‘The game’s gone bonkers, Watson!’ cries Tony Fyler.
The Doctor meets Sherlock Holmes. What could possibly go wrong?
Not a whole heck of a lot, as it turns out.
All-Consuming Fire is a bit of what might be called an irresistible romp, if that didn’t make it sound both funnier and more frivolous than it is.
Beginning with a case of three missing library books (albeit from the library of St John The Beheaded, a disconcerting building befitting its name), there’s a solid progression of both Sherlock Holmes story and Doctor Who story throughout All-Consuming Fire – Ace is beggaring about on the planet Ry’leh, while the Doctor has gone looking for the missing volumes. In gorgeously grandiose style, the Pope sends a special train to intercept the Orient Express and recruit Holmes and Watson to find the missing books too. Meanwhile Bernice (or rather, ‘Bernard’) Summerfield is in India, looking into Hindu gods and allegedly disused temples that might not be quite as disused as all that after all.
With both his regular companions out of commission, the Doctor presents himself at Baker Street to perplex the bejesus out of Holmes with the alien mud on his gaiter, and borrow Watson for a while. That goes down well, as you can imagine.
A totally barmy tale unfolds, involving something which looks for all the world like spontaneous human combustion, ancient gods, deeply dodgy empty-headed mercenaries, scheming men who aim to bring the ancient gods back, other scheming men who aim to use them to invade another world and so expand the British Empire, Sherlock Holmes’ other brother, Sherringford, as well as his father (it’s a proper Holmes family affair. That goes down well too, obviously). The thing is though, while Andy Lane’s story, adapted for Big Finish by Guy Adams, is undoubtedly barking mad, it’s barking mad in a way that has such conviction and such threads of rationality driven through it and powering it on that it all seems to make perfect sense as you take the trip.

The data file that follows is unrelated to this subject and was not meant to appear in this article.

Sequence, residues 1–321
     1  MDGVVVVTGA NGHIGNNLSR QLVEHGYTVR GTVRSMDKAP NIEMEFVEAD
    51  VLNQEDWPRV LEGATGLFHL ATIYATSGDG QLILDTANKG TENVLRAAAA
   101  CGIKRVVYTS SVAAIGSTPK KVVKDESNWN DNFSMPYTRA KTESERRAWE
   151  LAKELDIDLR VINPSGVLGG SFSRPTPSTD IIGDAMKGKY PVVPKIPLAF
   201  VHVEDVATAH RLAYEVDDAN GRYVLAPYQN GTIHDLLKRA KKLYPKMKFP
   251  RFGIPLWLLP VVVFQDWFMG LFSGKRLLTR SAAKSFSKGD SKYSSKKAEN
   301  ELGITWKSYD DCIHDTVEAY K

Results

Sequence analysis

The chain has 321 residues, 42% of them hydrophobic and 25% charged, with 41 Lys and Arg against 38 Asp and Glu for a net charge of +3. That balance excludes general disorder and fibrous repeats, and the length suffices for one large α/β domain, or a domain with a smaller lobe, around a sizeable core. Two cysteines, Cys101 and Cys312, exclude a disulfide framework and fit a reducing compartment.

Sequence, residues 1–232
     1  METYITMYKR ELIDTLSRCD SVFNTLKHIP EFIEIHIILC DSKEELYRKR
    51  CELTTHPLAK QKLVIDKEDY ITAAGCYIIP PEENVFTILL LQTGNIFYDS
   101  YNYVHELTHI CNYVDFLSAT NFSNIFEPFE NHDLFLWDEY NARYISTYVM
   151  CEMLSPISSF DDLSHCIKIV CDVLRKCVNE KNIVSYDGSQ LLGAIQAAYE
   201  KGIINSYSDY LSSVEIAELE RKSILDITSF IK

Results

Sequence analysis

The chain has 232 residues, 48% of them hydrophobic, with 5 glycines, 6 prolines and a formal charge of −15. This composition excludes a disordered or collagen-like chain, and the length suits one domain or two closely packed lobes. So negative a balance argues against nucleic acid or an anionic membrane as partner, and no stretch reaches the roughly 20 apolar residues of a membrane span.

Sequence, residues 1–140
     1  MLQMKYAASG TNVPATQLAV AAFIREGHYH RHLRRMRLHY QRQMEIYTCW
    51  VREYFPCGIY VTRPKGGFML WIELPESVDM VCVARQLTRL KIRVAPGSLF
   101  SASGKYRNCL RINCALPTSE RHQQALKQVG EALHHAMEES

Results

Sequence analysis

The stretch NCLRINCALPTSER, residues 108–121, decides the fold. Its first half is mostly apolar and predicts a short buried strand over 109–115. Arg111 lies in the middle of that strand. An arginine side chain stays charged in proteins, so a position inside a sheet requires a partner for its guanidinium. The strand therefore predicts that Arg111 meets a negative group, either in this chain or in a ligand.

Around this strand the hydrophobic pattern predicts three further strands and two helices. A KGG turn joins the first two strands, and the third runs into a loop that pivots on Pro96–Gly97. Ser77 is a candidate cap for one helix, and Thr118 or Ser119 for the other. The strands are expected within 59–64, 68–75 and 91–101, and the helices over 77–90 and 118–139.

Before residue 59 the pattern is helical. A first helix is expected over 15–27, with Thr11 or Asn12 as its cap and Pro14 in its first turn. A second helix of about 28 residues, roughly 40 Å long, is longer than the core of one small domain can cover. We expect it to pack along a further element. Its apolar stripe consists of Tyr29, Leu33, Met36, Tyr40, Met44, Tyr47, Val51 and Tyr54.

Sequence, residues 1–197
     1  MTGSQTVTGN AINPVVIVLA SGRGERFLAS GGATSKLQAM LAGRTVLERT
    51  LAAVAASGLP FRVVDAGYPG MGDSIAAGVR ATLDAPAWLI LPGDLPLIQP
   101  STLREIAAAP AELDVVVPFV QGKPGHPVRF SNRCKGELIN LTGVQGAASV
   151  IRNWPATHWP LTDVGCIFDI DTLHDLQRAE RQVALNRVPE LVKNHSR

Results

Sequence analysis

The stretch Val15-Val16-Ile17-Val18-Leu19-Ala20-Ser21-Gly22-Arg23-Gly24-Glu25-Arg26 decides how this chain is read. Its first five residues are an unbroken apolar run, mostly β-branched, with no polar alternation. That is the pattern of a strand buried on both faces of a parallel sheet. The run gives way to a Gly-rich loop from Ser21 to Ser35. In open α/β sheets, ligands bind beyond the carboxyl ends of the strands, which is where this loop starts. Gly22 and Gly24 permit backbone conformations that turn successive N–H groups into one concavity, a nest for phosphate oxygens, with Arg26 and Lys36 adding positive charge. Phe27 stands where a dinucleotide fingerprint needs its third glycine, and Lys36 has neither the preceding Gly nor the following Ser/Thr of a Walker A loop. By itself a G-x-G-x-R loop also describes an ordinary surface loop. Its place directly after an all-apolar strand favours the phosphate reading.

And it is a trip, too – the Doctor and Watson investigating people who’ve taken out the missing books recently (ideally, though not always before they burst into ghastly, deadly flames), the trail leading them all to India to meet up with Benny – possibly, just possibly, one of Benny’s finest moments on audio, swanning about 19th century India pretending to be a man – and on, to Ry’leh and a final confrontation with what ends up being a fairly rich cornucopia of villainy (keeping the villains straight in your head throughout the whole thing could be a challenge unless you’re especially concentrating), has the feeling of a real journey-arc. Though that said, the pace of this story is nothing if not relentless – despite taking the time to embed the lives of Holmes and Watson in our minds, and faffing about a bit with the criminal gangs of Ye Olde London Town as Holmes goes undercover to discover alien shenanigans, the multiple strands of the piece are twined tight and pushed fast, so what you end up with are three or four separate plot-hooks, all of which yank you forward at their own pace – missing books, immolated people, Indian gods, alien wars, who did what and why? It feels like a ridiculously fast couple of hours, and it’s only when you finish and look back that you realise quite how in depth you’ve gone, and quite how much ground you’ve covered.